It was time to create a new Gantt chart for myself to keep my various projects under control, and yet again I had forgotten how to freeze the columns and rows in the way I like. So I created this post to help myself – and you!
What is “freezing” rows and columns?
When you freeze a row or column in an Excel spreadsheet, you make sure that it’s on display however much you scroll down or across your document.
So, if you have a row of dates as a heading along the top or a column of customer names down the side, and your document becomes longer or wider than the screen on which you are viewing it, you can keep those columns and rows visible, instead of having to scroll up and down and backwards and forwards to find your headings.
For example, in the Gantt chart that records my work projects, I need to be able to see the dates and client names all the time, however large my document becomes:
Where is the Freeze Panes button in Excel 2007 and Excel 2010?
To find the Freeze Panes button, you need to be in the View Tab, then the long Window area. Click on Freeze Panes and you’ll be given three options: Freeze Panes (note, this toggles between Freeze and Unfreeze, as we’ll discover later); Freeze Top Row; and Freeze First Column.
How do I freeze the top row or first column of my spreadsheet?
In a shock move, something that Microsoft Office gives you as a short cut is actually useful! If you click on that Freeze Panes button and select Freeze Top Row or Freeze First Column, it will automatically freeze that row or column for you. This is because the first row and column on a given spreadsheet are likely to be the ones where you’ve inserted your headers.
Click on one of these buttons and you’ll freeze just that row or column. Freeze the top row, scroll down thousands of rows, and that top row will still be on show. Hooray!
BUT: this will only freeze one of those two areas. Want to freeze the spreadsheet so it shows more than just the first row or column? Read the next three sections.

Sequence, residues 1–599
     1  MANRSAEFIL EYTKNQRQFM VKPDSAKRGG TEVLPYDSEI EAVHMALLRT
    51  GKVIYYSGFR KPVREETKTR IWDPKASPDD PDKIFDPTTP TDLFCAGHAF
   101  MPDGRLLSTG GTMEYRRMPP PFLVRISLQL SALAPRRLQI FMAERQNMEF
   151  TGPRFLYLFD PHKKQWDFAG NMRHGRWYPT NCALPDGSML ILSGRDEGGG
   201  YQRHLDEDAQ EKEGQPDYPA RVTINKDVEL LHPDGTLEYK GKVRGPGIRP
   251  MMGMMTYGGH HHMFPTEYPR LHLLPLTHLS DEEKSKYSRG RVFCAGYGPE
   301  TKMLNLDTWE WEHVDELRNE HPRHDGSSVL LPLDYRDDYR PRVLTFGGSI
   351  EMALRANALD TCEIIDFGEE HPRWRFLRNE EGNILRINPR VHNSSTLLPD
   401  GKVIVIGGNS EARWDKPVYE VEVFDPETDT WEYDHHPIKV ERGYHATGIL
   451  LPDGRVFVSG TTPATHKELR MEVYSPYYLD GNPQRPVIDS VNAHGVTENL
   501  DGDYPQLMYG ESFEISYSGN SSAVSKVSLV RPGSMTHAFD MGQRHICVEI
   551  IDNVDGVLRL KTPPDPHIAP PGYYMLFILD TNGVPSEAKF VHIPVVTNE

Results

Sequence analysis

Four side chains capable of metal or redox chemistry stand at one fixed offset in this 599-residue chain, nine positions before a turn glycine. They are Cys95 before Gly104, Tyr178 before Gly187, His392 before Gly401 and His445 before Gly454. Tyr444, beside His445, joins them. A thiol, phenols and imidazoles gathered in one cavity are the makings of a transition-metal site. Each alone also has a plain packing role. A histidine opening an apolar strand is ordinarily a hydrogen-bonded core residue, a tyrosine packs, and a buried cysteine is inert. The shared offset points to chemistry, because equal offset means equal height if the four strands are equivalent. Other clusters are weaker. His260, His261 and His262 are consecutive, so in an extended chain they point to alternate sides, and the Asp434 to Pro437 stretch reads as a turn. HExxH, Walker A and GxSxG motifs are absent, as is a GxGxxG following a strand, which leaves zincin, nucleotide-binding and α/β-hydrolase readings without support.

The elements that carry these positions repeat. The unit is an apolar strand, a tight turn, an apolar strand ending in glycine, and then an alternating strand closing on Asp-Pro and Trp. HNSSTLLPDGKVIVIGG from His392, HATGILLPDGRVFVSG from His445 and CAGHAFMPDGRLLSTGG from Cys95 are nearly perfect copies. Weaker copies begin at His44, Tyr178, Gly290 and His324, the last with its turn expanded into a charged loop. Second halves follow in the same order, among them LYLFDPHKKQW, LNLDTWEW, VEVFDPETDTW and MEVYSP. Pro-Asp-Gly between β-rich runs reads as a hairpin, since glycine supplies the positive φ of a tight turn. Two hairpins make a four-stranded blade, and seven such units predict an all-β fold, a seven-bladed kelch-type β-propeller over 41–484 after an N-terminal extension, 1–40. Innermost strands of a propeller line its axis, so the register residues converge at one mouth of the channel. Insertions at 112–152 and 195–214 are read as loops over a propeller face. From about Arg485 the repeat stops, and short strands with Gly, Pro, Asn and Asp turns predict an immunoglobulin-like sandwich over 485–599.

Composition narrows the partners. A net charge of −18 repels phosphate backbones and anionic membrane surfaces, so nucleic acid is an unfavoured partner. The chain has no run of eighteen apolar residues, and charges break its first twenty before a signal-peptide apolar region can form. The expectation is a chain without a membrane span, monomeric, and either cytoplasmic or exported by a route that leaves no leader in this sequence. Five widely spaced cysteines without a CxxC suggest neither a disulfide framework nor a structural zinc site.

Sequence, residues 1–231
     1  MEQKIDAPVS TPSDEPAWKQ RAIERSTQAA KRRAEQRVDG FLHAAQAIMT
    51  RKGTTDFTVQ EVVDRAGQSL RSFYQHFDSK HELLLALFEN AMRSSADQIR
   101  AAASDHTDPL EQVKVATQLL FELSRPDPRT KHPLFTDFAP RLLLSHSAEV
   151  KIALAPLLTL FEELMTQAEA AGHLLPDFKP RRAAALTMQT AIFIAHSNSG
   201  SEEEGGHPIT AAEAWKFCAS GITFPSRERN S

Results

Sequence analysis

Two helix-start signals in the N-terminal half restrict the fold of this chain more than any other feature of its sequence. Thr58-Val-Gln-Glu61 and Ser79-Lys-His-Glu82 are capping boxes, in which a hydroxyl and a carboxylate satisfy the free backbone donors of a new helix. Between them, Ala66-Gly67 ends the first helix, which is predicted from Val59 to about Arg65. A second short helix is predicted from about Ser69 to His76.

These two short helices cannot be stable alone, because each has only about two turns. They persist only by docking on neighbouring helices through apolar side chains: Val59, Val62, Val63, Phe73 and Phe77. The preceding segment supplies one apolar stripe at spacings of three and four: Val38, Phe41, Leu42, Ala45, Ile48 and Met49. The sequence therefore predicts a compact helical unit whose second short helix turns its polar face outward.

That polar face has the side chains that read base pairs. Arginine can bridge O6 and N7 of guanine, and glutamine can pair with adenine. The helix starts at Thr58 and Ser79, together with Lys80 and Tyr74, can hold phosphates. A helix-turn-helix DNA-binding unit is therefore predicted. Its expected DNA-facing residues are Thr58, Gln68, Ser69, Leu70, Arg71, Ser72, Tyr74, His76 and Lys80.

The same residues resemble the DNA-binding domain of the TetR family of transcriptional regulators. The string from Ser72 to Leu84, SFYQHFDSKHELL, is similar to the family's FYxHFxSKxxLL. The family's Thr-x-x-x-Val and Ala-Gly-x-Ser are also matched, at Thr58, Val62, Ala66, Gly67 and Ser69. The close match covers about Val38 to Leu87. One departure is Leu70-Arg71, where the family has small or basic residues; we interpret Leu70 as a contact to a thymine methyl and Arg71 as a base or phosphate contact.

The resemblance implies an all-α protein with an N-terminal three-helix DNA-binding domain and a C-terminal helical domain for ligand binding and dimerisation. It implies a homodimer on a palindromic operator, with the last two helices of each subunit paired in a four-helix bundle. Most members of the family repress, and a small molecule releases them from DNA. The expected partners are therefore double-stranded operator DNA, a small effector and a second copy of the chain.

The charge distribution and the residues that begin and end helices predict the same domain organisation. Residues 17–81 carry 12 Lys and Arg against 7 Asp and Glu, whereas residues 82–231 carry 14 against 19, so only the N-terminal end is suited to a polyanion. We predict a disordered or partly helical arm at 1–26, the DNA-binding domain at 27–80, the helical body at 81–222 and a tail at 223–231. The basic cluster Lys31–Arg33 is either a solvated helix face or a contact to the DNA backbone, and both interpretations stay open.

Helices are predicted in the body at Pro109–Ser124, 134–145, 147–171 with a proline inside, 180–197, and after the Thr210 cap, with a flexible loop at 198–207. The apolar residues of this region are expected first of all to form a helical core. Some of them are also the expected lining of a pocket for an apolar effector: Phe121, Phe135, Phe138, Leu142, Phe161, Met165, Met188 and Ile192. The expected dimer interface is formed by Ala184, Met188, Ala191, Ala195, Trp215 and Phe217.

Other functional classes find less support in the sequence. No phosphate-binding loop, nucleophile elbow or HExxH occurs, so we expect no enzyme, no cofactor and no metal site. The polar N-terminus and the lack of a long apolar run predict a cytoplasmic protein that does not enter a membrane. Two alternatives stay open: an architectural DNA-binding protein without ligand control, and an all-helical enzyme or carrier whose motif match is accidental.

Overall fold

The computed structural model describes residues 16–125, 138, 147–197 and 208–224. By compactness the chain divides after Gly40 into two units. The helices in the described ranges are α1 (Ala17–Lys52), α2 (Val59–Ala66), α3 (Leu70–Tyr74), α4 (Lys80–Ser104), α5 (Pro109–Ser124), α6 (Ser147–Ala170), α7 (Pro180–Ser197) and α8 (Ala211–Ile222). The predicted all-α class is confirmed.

BUT (2): this will only allow you to freeze the row or the column. If you, like me, want to freeze both a row and a column, scan down to the section titled Can I freeze a row and a column at the same time?
How do I freeze a particular row of my spreadsheet?
Say, for example, you’ve got a double row of headers, or you’ve inserted a graph at the top of your spreadsheet that you want to be able to see as you scroll down. This is where you need to be able to select the point at which the spreadsheet freezes.
Here’s where it gets a tiny bit tricky (but you’ll save this post so you remember).
Click on the row BELOW the point at which you want to freeze the spreadsheet. Not the row you want to freeze, the one below it. In this example, we’re highlighting Row 3 in order to freeze Rows 1 and 2.
Once you’ve highlighted the correct row, by clicking on the 3 in the left hand margin in this case (you can see that it’s become darker, with a line around it), click on the Freeze Panes button and select the Freeze Panes option.
Your spreadsheet is now frozen at the bottom of Row 2. If you scroll down the page, you will notice that Rows 3 and onwards start to disappear, and a horizontal black line appears at the point of freezing.
Now you can scroll down as far as you like, and Rows 1 and 2 will always be visible at the top of the screen:
How do I unfreeze a row or column?